Endocrine ophthalmopathy (literally "eye pain") is an eye disease that manifests itself in about 50% of all cases of increased thyroid activity. Until recently, this condition was called endocrine orbitopathy and was considered one of the symptoms of Graves' disease (thyrotoxicosis). However, as it turned out, endocrine ophthalmopathy can manifest itself as an independent disease (even when the function of the thyroid gland is not violated). The main symptom of this disease is a strongly pronounced exophthalmos (pop-eyed). With endocrine ophthalmopathy, the tissue behind the eyeball thickens, causing it to protrude. In this regard, a person rarely blinks, he has pain in his eyes, and in the worst case - paralysis of the oculomotor muscles or blindness. Many disorders (lachrymation, dryness or inflammation of the cornea - keratitis) arise from the inability of a person to close eyelids.
Symptoms of endocrine ophthalmopathy
- Inflammation of the connective membrane of the eyes (conjunctivitis).
- Edema of the eyelids.
- Pain in the eyes.
- Rare blinking.
- Paralysis of the oculomotor muscles.
- Reduction of vision before its complete loss.
- Lack of continuity of the eyelids.
Causes of endocrine ophthalmopathy
The cause of endocrine ophthalmopathy remains unclear. It is only known that the basis of the disease is the formation of certain proteins (so-called antibodies), which, perhaps, contribute to the "swelling" of the tissue located behind the eyeball. In addition, there is an opinion that the propensity to this disease is inherited.
Treatment of endocrine ophthalmopathy
The possibilities of treating this disease are very limited. It is mainly aimed at preventing more serious complications. It shows wearing glasses with darkened glasses, using special ointments.
In more severe cases, irradiation or even surgery to remove part of the thickened tissue behind the eyeball is performed. Sometimes, endocrine ophthalmopathy is prescribed glucocorticoids (hormones of the adrenal cortex).
The patient can only strictly follow all the doctor's instructions aimed at alleviating the symptoms of the disease.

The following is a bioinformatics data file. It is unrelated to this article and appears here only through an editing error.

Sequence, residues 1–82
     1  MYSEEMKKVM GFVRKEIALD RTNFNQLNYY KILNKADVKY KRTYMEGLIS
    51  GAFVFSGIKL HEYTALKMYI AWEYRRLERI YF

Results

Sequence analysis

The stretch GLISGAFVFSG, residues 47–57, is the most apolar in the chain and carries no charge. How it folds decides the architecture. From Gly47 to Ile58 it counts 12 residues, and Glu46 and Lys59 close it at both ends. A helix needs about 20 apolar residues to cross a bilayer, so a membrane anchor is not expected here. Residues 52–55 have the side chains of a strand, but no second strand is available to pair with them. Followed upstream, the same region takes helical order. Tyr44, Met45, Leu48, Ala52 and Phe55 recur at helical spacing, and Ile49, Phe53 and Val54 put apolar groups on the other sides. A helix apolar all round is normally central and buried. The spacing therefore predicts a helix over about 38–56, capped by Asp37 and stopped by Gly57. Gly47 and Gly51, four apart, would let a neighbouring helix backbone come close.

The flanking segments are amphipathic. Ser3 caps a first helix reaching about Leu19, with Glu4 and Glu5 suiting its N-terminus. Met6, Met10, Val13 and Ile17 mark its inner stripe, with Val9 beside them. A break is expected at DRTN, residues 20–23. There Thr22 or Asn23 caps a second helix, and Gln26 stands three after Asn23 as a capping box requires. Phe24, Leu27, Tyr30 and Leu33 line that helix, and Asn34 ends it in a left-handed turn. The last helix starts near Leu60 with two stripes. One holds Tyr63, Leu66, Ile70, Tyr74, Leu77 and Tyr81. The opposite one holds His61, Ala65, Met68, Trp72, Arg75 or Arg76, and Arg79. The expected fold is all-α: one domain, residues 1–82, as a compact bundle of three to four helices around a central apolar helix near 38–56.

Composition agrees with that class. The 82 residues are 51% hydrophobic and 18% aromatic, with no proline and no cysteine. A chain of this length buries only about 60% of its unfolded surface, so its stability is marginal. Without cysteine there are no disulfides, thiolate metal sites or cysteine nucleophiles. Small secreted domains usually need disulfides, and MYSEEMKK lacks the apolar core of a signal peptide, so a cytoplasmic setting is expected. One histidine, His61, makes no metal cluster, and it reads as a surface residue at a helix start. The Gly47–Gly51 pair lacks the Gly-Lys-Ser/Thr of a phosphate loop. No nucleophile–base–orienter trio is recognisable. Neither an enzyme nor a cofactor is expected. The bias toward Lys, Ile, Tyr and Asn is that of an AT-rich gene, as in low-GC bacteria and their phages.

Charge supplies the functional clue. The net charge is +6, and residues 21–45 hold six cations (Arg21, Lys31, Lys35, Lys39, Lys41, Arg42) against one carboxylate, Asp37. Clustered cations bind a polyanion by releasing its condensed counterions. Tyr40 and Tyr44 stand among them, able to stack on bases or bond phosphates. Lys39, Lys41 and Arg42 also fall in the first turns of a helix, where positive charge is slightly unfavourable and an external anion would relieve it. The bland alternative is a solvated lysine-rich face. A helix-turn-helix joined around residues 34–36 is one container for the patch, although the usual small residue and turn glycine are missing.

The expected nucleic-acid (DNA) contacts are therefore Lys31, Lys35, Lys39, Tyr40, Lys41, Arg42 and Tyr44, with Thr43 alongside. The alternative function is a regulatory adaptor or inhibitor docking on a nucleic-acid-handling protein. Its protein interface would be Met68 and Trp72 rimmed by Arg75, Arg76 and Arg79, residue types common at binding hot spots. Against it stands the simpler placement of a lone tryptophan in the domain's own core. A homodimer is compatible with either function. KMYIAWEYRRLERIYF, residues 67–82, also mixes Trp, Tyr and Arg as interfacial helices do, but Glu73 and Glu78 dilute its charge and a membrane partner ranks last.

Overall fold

Endocrine ophthalmopathy progresses very slowly - for several years. The appearance of early symptoms of this disease, such as pain behind the eyeball, eyelid edema, lachrymation or blistering, should be reported to your family doctor.
To clarify the diagnosis, the doctor will do a blood test. With the same purpose, hormones of the thyroid gland and specific antibodies are investigated. If the results of these studies confirm that the cause of these symptoms is endocrine ophthalmopathy, the family doctor will refer the patient to an ophthalmologist or endocrinologist.
Course of the disease
There are several stages of the disease, but only a few patients have all of its stages.
At first, the upper eyelid is lifted slightly, minor visual impairments appear. Then there is conjunctivitis (inflammation of the connective membrane of the eye), eyelid edema, lacrimation, photophobia, pain in the eyes.
In the future, the patient has ophthalmopathy, ocelliemia develops, visual acuity decreases, a veil appears before the eyes, weakness of oculomotor muscles may appear. At the last stage of the disease, the eye slits widen, and finally blindness occurs (due to damage to the optic nerves).
However, timely treatment of endocrine ophthalmopathy can stop the progression of the disease, and often even improve the patient's condition.
Usually, with ophthalmopathy, both eyes are affected. If only one eye is affected, a computed tomography scan should be performed to find out if there is a tumor behind the eyeball. The fact is that an erroneous diagnosis in the presence of a malignant tumor can lead to very serious consequences.